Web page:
When he got home away from the crowd his disciples questioned him about the parable. He said to them, “Are even you likewise without understanding? Do you not realize that everything that goes into a person from outside cannot defile, since it enters not the heart but the stomach and passes out into the latrine?” (Thus he declared all foods clean.) “But what comes out of the man, that is what defiles him. From within the man, from his heart, come evil thoughts, unchastity, theft, murder, adultery, greed, malice, deceit, licentiousness, envy, blasphemy, arrogance, folly. All these evils come from within and they defile.”

This reading from Mark speaks to all us: “Watch our tongues!”  They betray what’s inside that often is better left unsaid.

We all should “eat” that which makes us better human beings.  What we view and what we read should steer us away from hatred, evil, etc. and towards the good.   Very fortunately our Gospel is good “eats.”

Deacon David Pierce

Monday, February 11, 2019

The Tin Man

Anthony Teixeira, a talented Christ the King’s cantor, appeared in this weekend’s production of The Wizard of Oz by the Cape Cod Symphony and the Cotuit Center for the Arts.  He played the Tin Man with the style and sound we’ve all come to expect of Anthony.  And, he wielded a pretty mean ax.   I attended a packed-audience performance on Saturday. 

We all know the Tin Man wanted a heart.   Inside he was hollow – empty.   Here’s what the Wizard told him: “Back where I come from, there are men who do nothing all day but good deeds.  They are called phila-, er, er, philanth-er, good-deed doers!  And their hearts are no bigger than yours.  But! – They have one thing you haven’t got.  A testimonial!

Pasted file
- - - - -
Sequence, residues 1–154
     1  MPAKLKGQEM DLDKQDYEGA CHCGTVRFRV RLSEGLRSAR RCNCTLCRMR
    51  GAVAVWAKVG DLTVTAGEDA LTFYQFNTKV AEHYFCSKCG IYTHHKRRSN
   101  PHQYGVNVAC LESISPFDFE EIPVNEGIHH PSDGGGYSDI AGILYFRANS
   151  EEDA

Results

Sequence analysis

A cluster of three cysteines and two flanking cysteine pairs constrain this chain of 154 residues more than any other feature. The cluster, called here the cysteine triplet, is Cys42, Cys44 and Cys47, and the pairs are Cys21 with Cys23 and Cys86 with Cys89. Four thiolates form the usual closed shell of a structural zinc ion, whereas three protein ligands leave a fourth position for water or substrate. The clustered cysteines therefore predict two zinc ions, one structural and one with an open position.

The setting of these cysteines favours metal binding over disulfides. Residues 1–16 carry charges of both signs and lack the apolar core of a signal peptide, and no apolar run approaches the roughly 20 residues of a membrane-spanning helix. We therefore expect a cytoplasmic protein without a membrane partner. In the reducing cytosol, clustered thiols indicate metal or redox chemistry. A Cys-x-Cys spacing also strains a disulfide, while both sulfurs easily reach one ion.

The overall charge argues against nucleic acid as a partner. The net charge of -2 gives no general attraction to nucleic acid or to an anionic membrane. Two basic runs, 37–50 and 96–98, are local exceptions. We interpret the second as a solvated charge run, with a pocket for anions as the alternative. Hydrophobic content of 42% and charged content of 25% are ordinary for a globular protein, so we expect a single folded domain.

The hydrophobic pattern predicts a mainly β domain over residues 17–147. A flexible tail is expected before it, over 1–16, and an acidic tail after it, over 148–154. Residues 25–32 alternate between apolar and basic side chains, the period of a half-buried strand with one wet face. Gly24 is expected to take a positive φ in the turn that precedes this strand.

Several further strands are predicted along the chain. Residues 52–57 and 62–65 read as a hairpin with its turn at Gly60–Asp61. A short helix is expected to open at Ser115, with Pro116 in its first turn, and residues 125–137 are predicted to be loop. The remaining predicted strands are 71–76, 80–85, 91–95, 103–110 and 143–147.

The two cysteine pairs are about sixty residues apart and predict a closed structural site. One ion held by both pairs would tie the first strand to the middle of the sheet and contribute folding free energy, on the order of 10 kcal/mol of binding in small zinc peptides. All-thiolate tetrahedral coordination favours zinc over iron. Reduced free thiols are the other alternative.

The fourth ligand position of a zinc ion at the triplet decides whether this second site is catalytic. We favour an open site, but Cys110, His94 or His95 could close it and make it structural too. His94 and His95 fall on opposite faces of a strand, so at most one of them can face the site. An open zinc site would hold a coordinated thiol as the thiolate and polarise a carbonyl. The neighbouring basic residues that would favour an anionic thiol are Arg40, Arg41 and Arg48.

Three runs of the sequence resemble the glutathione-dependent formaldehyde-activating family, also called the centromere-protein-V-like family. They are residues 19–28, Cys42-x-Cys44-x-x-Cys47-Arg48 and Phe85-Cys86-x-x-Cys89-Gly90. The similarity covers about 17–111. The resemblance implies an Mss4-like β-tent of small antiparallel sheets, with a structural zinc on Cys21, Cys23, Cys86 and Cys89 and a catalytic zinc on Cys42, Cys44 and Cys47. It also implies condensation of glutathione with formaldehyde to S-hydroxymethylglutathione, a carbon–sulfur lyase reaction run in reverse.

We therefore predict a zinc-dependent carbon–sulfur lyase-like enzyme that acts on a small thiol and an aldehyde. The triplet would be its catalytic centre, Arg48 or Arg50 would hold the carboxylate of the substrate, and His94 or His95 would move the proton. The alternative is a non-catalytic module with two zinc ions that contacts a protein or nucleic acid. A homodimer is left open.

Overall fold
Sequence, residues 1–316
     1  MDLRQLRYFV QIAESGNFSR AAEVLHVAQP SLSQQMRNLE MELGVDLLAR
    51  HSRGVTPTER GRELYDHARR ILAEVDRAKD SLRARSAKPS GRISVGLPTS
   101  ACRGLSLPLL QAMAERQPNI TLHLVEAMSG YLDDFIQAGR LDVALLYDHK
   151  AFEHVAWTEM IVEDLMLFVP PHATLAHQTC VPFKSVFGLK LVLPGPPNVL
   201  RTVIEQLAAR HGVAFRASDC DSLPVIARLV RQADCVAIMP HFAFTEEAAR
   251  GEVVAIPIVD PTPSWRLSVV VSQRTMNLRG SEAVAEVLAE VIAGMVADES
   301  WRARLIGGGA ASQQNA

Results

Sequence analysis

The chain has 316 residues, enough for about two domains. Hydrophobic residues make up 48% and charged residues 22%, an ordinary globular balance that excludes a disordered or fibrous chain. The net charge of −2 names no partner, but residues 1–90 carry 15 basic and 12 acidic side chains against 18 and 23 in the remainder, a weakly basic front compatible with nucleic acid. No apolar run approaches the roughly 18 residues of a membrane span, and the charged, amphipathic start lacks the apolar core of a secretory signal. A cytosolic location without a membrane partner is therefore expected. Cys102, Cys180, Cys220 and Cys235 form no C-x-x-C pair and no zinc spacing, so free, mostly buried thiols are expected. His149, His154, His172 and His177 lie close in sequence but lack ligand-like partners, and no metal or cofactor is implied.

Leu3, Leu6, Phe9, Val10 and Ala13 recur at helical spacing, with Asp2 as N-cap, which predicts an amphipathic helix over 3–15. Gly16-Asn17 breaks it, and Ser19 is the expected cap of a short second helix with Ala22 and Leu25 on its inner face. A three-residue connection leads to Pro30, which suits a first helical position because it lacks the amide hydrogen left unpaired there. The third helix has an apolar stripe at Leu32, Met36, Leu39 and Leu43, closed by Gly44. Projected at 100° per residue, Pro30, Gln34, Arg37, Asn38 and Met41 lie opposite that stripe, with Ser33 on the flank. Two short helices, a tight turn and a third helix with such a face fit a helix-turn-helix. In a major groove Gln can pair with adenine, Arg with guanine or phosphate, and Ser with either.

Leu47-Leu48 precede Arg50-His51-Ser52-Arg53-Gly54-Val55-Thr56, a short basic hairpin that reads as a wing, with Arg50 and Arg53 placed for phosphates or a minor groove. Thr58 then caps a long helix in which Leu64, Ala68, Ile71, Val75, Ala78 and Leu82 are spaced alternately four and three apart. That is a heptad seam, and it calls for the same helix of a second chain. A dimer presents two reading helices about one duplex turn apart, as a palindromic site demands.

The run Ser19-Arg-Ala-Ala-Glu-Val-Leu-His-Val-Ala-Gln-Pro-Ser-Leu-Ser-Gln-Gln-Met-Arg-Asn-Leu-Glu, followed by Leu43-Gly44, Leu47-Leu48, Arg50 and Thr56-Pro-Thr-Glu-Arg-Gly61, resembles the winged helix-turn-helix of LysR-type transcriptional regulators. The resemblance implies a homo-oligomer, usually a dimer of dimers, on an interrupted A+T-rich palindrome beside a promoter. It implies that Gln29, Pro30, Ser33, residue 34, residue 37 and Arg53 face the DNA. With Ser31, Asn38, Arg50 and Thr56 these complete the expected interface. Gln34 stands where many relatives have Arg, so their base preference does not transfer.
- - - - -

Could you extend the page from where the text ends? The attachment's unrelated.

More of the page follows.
Therefore, in consideration of your kindness, I take pleasure at this time in presenting you with a small token of our esteem and affection.  And remember, my sentimental friend, that a heart is not judged by how much you love, but by how much you are loved by others."

Today’s Gospel according to Mark reads in part, “After making the crossing to the other side of the sea, Jesus and his disciples came to land at Gennesaret and tied up there.  As they were leaving the boat, people immediately recognized him.  They scurried about the surrounding country and began to bring in the sick on mats to wherever they heard he was. 

Whatever villages or towns or countryside he entered, they laid the sick in the marketplaces and begged him that they might touch only the tassel on his cloak; and as many as touched it were healed."

Jesus was – and still is – much loved by others.   Anthony, our Tin Man, is immediately recognizable, is kind, and is loved as well.  We thank him for what he gives to Christ the King – his time, talent, and love. 

Deacon David Pierce

Saturday, February 9, 2019